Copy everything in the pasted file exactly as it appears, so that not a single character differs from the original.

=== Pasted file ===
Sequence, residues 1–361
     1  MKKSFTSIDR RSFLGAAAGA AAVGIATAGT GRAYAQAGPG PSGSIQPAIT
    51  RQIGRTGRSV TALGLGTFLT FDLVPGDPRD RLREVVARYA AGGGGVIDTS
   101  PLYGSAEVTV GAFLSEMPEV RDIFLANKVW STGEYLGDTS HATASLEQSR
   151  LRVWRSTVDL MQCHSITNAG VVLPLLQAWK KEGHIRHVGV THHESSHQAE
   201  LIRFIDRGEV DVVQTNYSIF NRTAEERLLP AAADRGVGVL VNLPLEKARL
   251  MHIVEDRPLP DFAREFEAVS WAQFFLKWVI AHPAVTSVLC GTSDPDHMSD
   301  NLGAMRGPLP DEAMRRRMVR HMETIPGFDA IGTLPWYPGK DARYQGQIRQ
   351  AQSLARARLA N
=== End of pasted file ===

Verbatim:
Sequence, residues 1–361
     1  MKKSFTSIDR RSFLGAAAGA AAVGIATAGT GRAYAQAGPG PSGSIQPAIT
    51  RQIGRTGRSV TALGLGTFLT FDLVPGDPRD RLREVVARYA AGGGGVIDTS
   101  PLYGSAEVTV GAFLSEMPEV RDIFLANKVW STGEYLGDTS HATASLEQSR
   151  LRVWRSTVDL MQCHSITNAG VVLPLLQAWK KEGHIRHVGV THHESSHQAE
   201  LIRFIDRGEV DVVQTNYSIF NRTAEERLLP AAADRGVGVL VNLPLEKARL
   251  MHIVEDRPLP DFAREFEAVS WAQFFLKWVI AHPAVTSVLC GTSDPDHMSD
   301  NLGAMRGPLP DEAMRRRMVR HMETIPGFDA IGTLPWYPGK DARYQGQIRQ
   351  AQSLARARLA N